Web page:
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Posted: 9/4/2004 7:40:52 AM EST
Found it in the backyard. What the hell is it?

It's about 1/4" long.
Link Posted: 9/4/2004 7:46:27 AM EST
cheesehead lice

hmmm, donno. looks interesting though
Link Posted: 9/4/2004 7:46:42 AM EST
[Last Edit: 9/4/2004 7:50:19 AM EST by migradog]
That looks like a South American Camel Toe:

Very Dangerous - Don't even touch it. Its Toxin causes:

Servere Cramps
Muscle Contractions
Premature Ejaculation
Nicotine Fits

The only antidote is massive amouts of beer to thin out the venom in your blood!!!

In rare occasions victims have hallucinated and and seen John Kerry make it with Diane Feinstien.

This sensory overload is very dangerous to a normal human central nervous system.

At the Demo Undergroud this bug is the drug of choice.
Link Posted: 9/4/2004 8:08:07 AM EST
I remember those bugs as a lad living in Fla. I always thought they looked like tiny little baby Gila Monsters...
Link Posted: 9/4/2004 8:14:30 AM EST
Lady bug prior to taking it's beetle phase.
Link Posted: 9/4/2004 8:24:18 AM EST
[Last Edit: 9/4/2004 8:25:04 AM EST by Witch_Doctor]

Originally Posted By W-W:
Lady bug prior to taking it's beetle phase.



ah ha! your right didn't know they did that...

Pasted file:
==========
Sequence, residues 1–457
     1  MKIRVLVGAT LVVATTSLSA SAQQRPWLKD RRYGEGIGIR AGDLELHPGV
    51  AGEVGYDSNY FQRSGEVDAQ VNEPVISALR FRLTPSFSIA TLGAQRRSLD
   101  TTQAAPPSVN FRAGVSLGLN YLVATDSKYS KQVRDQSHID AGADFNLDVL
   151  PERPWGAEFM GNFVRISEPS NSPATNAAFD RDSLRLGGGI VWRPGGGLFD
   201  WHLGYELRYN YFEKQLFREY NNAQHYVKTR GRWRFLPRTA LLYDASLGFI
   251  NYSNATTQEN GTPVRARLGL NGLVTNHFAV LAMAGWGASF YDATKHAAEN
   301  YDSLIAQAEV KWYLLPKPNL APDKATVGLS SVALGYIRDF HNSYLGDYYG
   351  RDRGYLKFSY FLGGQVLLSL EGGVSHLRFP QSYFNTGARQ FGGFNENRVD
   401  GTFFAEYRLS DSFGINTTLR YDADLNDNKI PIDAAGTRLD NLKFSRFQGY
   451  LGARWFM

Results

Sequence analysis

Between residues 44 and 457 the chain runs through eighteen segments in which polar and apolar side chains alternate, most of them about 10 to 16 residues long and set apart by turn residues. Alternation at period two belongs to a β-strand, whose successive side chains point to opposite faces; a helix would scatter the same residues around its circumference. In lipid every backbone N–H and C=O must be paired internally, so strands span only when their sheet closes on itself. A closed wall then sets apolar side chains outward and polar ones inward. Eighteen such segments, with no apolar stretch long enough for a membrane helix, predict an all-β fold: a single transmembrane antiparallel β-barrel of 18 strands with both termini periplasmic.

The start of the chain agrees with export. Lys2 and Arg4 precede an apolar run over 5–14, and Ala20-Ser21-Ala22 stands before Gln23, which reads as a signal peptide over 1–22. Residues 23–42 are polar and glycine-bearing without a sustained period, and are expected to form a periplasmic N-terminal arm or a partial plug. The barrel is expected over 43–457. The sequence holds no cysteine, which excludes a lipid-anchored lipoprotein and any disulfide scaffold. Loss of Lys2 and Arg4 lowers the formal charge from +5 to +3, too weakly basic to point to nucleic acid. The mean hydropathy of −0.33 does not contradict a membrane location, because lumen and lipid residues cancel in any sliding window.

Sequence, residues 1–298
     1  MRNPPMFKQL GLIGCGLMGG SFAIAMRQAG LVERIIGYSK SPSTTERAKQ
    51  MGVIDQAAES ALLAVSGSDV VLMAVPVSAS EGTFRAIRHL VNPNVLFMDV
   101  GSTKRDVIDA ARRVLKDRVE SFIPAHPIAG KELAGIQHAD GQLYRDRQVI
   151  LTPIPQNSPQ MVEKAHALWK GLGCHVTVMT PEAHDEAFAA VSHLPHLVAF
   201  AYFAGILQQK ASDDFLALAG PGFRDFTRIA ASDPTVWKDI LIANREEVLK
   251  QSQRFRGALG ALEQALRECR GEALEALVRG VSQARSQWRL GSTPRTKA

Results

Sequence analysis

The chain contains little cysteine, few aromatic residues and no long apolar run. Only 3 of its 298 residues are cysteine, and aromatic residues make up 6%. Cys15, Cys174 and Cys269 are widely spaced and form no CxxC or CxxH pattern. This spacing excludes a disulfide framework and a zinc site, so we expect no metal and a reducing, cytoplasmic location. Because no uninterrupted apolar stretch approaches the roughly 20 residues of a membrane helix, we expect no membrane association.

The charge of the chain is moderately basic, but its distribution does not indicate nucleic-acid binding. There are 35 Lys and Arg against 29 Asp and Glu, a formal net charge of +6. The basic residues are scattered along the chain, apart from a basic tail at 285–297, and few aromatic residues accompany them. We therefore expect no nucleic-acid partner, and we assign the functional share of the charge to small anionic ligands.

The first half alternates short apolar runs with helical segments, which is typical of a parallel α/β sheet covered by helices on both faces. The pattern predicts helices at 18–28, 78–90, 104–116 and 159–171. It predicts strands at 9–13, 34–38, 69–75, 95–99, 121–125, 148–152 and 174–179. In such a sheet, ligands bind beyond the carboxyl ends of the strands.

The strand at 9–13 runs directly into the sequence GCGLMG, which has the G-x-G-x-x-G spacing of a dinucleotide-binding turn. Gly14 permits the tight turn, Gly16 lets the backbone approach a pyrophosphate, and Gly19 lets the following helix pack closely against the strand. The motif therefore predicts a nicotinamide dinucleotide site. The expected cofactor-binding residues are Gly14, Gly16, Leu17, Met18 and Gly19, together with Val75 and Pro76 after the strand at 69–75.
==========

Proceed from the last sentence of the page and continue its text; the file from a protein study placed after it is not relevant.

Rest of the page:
ladybug larvae

Thanks for the replies
Link Posted: 9/4/2004 8:52:46 AM EST

Originally Posted By Witch_Doctor:

Originally Posted By W-W:
Lady bug prior to taking it's beetle phase.



ah ha! your right didn't know they did that...
ladybug larvae

Thanks for the replies



I won I won! What did I win???

Funny thing, I knew that because I saw it happen as a kid in Brooklyn of all places.
Link Posted: 9/4/2004 9:10:49 AM EST
I took entomology in 1978. Let's see if I remember any of it correctly.

My first guess is that it is the intermediate state or instar of something. In other words, it isn't a mature insect. I base that on the pubescence (hair) easily seen. If it is an instar, then it isn't an ant, but may morph into a a member of the roach family.

It may also be a flightless male of some species. In that case it might be a member of the group containing wasps and bees.

Not knowing how long that thing is, it reminds me of a member of the ant family commonly called a Cattle Killer in Texas.

Really hard to tell.
Link Posted: 9/4/2004 10:54:52 AM EST

Originally Posted By Mahatma8Rice:
I took entomology in 1978. Let's see if I remember any of it correctly.

My first guess is that it is the intermediate state or instar of something. In other words, it isn't a mature insect. I base that on the pubescence (hair) easily seen. If it is an instar, then it isn't an ant, but may morph into a a member of the roach family.

It may also be a flightless male of some species. In that case it might be a member of the group containing wasps and bees.

Not knowing how long that thing is, it reminds me of a member of the ant family commonly called a Cattle Killer in Texas.

Really hard to tell.



Mahatma...It is a Ladybug. No kidding.
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